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Editorial: Drop in the number of Statehouse reporters harms public interest

BY DI EDITORIAL STAFF | JULY 22, 2014 5:00 AM

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For several decades, the role of the news media was very clearly to keep the government and other powerful interests in check. Journalists covered hard-hitting news, conducted investigations, and generally sought to serve the public interest by holding the rich and powerful accountable to the general public. But that’s changing, and the public is losing resources required to keep those in control in check.

As the Pew Research Center reported a couple weeks ago, fewer reporters are covering the U.S. statehouses. Since 2003, the number of statehouse journalists from newspapers has fallen by 35 percent. This is especially problematic because print media still have more statehouse reporters than any other medium, not surprising given that newspapers, still battered by the Great Recession, remain the largest producers of original reporting.

A majority of reporters stationed in state capitals are working less than full-time, meaning they’re either part-time or only working while the legislature is in session. Simply by virtue of being less familiar with their beats and spending less time at statehouses, reporters cannot become as familiar with state politics as they otherwise would be if they were stationed at the statehouses full-time.
Critical stories and context will likely go unnoticed as a result, damaging the news media’s ability to hold state politicians accountable.

Reporters as the Fourth Estate or an addition to the three official branches of government in the checks and balances system isn’t just a fantasy among starry-eyed journalists. Last year, the Pew Research Center reported that 68 percent of Americans believe that the news media “keep leaders from doing things that should not be done.”

However, when the Great Recession hit, holding the rich and powerful accountable became much, much harder. Advertising revenues, especially from lucrative classified ads, quickly evaporated, and with it, the business model that had supported newspapers for more than a century collapsed. Media outlets quickly cut many of their most expensive veteran reporters, especially those at statehouses and foreign bureaus, along with investigative teams.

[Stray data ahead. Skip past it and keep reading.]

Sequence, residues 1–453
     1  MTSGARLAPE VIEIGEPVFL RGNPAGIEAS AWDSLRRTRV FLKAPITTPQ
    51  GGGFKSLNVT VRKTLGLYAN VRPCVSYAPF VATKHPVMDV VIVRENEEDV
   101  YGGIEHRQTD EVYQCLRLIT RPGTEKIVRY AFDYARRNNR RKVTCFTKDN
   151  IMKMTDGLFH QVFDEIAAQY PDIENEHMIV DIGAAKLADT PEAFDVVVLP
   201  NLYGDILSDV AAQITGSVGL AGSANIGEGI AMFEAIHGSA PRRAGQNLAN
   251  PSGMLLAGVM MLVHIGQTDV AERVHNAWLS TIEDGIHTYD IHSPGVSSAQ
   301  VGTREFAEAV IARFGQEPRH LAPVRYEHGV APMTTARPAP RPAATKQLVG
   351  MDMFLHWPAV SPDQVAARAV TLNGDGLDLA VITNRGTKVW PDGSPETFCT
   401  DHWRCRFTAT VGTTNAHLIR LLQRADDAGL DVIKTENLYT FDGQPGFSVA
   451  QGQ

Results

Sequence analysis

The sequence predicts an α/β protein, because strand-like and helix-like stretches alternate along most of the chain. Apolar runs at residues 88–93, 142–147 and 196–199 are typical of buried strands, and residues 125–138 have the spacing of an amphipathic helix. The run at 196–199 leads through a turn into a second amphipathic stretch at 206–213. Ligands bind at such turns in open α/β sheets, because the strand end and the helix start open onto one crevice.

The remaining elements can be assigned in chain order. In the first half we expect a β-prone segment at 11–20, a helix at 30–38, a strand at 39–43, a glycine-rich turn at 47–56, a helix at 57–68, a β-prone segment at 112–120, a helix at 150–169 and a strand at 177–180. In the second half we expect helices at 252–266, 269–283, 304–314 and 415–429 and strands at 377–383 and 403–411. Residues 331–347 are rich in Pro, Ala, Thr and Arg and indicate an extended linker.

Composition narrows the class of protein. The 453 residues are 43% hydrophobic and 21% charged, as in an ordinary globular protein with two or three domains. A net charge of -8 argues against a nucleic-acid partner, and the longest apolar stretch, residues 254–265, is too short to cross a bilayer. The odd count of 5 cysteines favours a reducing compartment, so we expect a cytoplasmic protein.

The bloodletting was so extreme that newsroom staff fell from 55,000 in 2006 to 38,000 in 2012, according to the most recent data from the Newsroom Employment Census.

Of course, several hard-hitting new media start-ups and projects have met critical acclaim and success: the investigative news outlet ProPublica, former Washington Post columnist Ezra Klein’s venture into explanatory journalism Vox.com, PolitiFact, supported by the Tampa Bay Times to fact-check prominent political statements, and a handful of other web-based news outlets.

However, most of the big names in this area focus on big national and international issues and have small staffs stocked with veteran reporters who left other publications either during the mass layoffs or by choice. Meanwhile, state and local politics increasingly fly under the radar.

Looking at Pew’s state-by-state data, in Iowa just 23 reporters cover the Statehouse, 10, of whom work full-time. Fortunately, the distribution of journalists stationed in state capitals correlates to a state’s population and the length of legislative sessions, but there is no relationship between statehouse reporters and arguably more important things such as the average number of bills introduced or the number of legislators and staffers at the statehouse. Some states may be smaller than others, but they all still have plenty of legislation to sift through.

It’s blindingly obvious that to pay for quality journalism holding public officials accountable, the news media have to find a new source of income.

Trust in American institutions has been declining among the general public for years, as a recent Gallup poll shows. Over the past few decades, Americans have slowly lost faith in Washington, banks, public schools, the media, the church, and several other critical components of U.S. society.

Holding the powerful accountable, informing the public, and cutting through modern propaganda from the government and businesses (otherwise known as public relations) requires a strong watchdog.

But having a strong watchdog will mean finding new sources of revenue, whether that means raising funds from loyal fans public-radio style, appealing to charitable foundations, finding effective ways to monetize online content through paywalls and better ads, or even as proposed by media scholar Robert McChesney, a government program that provides all Americans with $200 vouchers that can go to a news outlet of their choice.

Valuable, limited ad space used to get the job done with wild profit margins for media companies to boot. That time is over. If we, as a society, want real journalism, if we want to uncover corruption and hold the rich and powerful to account, we have to pay for it.


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